Shoscombe Old Place: A horse trainer named John Mason (Frank Grimes) who works at the Shoscombe Estate comes to Holmes because he finds the behavior of his employers, Sir Robert Norberton (Robin Ellis) and his sister Lady Beatrice Falder (Elizabeth Weaver), to be increasingly bizarre. It seems Robert is in debt to Samuel Brewer (James Coyle) and that Brewer intends to collect even if Norberton is shot on funds with which to repay him.


The Boscombe Valley Mystery: A woman named Alice Turner (Joanna Roth) comes to Holmes for help and so desperate is she that Holmes feels obliged to bring Watson in off of vacation to assist. It seems her friend James McCarthy (James Purefoy) has been accused of murdering his father and she believes him to be innocent though she knows that the two men were arguing before the killing took place. As Holmes looks into the case, he finds that all of this ties back to the past shared not only by James and Alice but by their fathers as well.

The Illustrious Client: Sir James Damery (David Langton) hires Holmes to help him stop the pending marriage of Violet Merville (Abigail Cruttenden) to Baron Gruner (Anthony Valentine) because he knows that the Baron is dishonest and he may in fact have a criminal past. Violet, however, is quite smitten with her husband to be while Holmes has to wonder to himself who Damery is working on behalf of and why.

The Creeping Man: When Edith Presbury (Sarah Woodward) sees a shadowy man watching through her window one night she complains to her fiancé Jack Bennett (Adrian Lukas) who hires Holmes to look into things. What stands out here is that Edith's bedroom is on the second floor. Edith's father, a widower (Charles Kay), is also to be wed soon, to a woman much younger than he named Alice Moprhy (Anna Mazzotti). When he finds out Jack, who is in his employ, has hired Holmes and Watson, he refuses to cooperate and has them kicked off of his property.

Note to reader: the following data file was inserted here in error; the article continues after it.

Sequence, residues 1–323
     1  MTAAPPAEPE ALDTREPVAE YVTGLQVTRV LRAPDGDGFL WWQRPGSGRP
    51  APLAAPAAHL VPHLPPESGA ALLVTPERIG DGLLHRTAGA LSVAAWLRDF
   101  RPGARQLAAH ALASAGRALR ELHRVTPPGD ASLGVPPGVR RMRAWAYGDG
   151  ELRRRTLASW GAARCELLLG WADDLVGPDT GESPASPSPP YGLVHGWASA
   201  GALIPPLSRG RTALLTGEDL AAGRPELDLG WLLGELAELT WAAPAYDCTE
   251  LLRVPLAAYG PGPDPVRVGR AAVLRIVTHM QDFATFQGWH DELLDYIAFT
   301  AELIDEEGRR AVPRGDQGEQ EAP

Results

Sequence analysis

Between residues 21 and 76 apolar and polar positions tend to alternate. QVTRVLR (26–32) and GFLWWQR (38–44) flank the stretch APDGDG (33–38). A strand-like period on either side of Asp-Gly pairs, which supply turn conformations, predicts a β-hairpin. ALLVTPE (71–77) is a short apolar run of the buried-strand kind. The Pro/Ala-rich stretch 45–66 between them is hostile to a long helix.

The Memoirs Of Sherlock Holmes:


The Three Gables: Mrs. Mary Maberley (Mary Ellis) come to Holmes to tell him the strange story of how she bought and lived in her home, Three Gables, with her grandson until he passed away. Shortly after his passing a real estate agent showed up very intent on purchasing the property from her and she was ready to sell in hopes of moving past all of what she'd been through but he would only buy on the condition that she leave every single thing in the house and walk away without any of the contents. Holmes looks into things and tries to figure out what exactly the agent was after and how it ties into her grandson's death.

The Dying Detective: Adelaide Savage (Susannah Harker) is worried her husband Victor (Hugh Bonneville) who has started taking opium on a regular basis. His behavior has also become erratic, something which she attributes to his drug use. She comes to Holmes, who takes the case, and they head to the family home where a cousin named Culverton Smith (Jonathan Hyde) also lives. When Victor dies, Watson assumes since Smith is an expert on a strange poison that he was the man responsible but Holmes figures otherwise.

The Golden Pince-Nez: Watson is tied up at his practice leaving Holmes to join up with his brother Mycroft (Charles Gray again) to help figure out what happened to Willoughby Smith (Christopher Guard) who was found dead by his maid some time ago. The strange thing about this is that when he died Smith held a lady's golden pince-nez in his hand and uttered "Professor… it was she" before passing. Holmes has to wonder how this ties into Smith's employer, Professor Coran (Frank Finlay) or possibly a teacher named Abigail Grosby (Patricia Kerrigan).


The Red Circle: A woman who runs a boarding home is worried that a man she rents to may be up to something illegal given that he's paying extra to have complete and utter privacy during his stay. Holmes takes the case and finds that the boarder is an Italian with ties to New York City and possibly to a criminal element located there and he tries to figure out his all of this ties into the existence of a mysterious criminal organization called The Red Circle.

The Mazarin Stone: When the Prime Minister needs Holmes' help but can't find him, Mycroft steps in to assist and solve the mystery of the disappearance of the Mazarin Diamond recently stolen from a museum before it could be returned to its French owners. British politicians are worried that its theft might lead to an international falling out of sorts and Mycroft figures that a man named Count Sylvias (Jon Finch) might be the key to finding it. Meanwhile, Watson tries to sort out what happened to a missing university professor.